Tutorial group 1
Tutorial group 1 consisted of one tutor and seven students; three physicians (Phy1a, Phy1b and Phy1c), three nurses (Nur1a, Nur1b and Nur1c), and one other healthcare profession (Fig. 1b,c).
To the left in Fig. 1 a complete field-diagram is presented. Instrumental and task-oriented behaviors appear in the upper sector, relation-oriented behavior in the lower right sector and opposing behavior in the lower left sector. Based on how much of certain behaviors a person shows, he or she will be placed accordingly in the diagram. Members of fairly high functioning groups appear in the upper right section of the diagram, which is the case for the groups in this study. Each circle represents one group-member. The top right diagram (1b) is from the start of the six-week period and the bottom right (1c) from the end. The circles labelled Phy represent physicians and Nur represent nurses. This applies throughout. In the right bottom diagram the circles are closer together, indicating that this group became more cohesive over the six-week period. Distribution of influence, illustrated by circle size, also became more equal among team-members as seen in the diagram to the right.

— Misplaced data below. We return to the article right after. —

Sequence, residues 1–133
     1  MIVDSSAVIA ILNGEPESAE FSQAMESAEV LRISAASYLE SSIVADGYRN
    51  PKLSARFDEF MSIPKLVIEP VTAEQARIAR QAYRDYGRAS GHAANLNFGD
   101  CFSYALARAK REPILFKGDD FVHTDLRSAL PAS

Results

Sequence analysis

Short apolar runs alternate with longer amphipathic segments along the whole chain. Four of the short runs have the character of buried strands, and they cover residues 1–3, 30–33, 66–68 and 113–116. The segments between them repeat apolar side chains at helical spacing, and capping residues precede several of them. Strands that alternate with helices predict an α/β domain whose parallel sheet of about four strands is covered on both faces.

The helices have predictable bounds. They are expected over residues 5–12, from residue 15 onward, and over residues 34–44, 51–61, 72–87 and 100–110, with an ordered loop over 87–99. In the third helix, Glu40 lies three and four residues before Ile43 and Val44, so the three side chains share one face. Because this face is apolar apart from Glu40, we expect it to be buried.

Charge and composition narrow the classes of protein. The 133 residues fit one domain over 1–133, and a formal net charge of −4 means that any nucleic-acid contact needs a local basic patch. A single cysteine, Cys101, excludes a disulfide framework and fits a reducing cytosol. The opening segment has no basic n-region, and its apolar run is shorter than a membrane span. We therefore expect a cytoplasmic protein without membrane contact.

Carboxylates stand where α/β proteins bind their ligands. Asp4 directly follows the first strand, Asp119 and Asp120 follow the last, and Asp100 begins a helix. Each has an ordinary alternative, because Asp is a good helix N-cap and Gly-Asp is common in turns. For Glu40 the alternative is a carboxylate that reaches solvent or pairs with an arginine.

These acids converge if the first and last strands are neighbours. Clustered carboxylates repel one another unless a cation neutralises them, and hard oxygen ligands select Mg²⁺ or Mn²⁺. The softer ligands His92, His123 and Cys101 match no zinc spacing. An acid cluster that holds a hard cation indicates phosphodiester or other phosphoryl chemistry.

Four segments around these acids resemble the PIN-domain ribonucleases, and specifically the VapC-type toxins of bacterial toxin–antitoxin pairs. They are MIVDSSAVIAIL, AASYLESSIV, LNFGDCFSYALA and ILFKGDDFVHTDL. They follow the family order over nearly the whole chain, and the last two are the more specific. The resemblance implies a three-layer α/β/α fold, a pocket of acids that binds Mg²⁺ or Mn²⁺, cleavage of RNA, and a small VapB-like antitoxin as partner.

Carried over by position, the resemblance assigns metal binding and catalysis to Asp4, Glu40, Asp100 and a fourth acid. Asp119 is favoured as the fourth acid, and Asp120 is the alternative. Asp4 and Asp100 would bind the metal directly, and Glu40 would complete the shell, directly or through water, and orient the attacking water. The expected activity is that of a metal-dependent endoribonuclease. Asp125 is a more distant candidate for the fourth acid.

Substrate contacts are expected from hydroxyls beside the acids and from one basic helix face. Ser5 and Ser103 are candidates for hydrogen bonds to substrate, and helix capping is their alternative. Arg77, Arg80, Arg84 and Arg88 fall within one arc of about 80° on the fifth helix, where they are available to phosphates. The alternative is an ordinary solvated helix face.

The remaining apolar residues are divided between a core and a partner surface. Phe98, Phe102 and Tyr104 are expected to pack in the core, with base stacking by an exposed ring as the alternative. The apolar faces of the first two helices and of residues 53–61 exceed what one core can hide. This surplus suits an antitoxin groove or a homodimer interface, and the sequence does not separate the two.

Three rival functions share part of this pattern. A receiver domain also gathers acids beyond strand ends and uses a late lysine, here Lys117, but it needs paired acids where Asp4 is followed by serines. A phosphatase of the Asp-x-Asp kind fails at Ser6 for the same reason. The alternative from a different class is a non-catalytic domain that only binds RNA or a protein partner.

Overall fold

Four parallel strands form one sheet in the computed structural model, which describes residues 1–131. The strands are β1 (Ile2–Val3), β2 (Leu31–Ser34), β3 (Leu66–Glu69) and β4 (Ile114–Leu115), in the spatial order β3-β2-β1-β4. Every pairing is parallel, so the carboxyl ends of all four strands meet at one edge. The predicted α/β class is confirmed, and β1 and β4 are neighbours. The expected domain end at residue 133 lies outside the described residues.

The first tutorial group session
The predominant behavior of all members was task-oriented (located in the upper sector of the diagram). The group was somewhat fragmented. Nur1b and Phy1b join in a subgroup toward the opposing sector (lower left). Phy1a and Tutor1 are the most dominant members (largest circle size), while Nur1a and Nur1c are the most submissive. The position of Phy1c and Tutor1, with balanced task-oriented and dominant behaviors, indicates that they played leading roles and were willing to support other group members. For example, when Nur1c had trouble starting an online contact group, Phy1c immediately presented his/her laptop and offered to help; Phy1c: “If you access this page... wait, I’ll show you.” This is in contrast with Nur1b’s reaction when Nur1c was late for the session; Nur1b: “Showing up on time is important, isn’t it?” and Nur1c’s reaction: a gentle smile, downward gaze and closed body-language. Tutor1 mostly used non-verbal behaviors such as nodding and consistently looking at whoever was speaking but, as her large circle indicates, this had a significant influence on the group.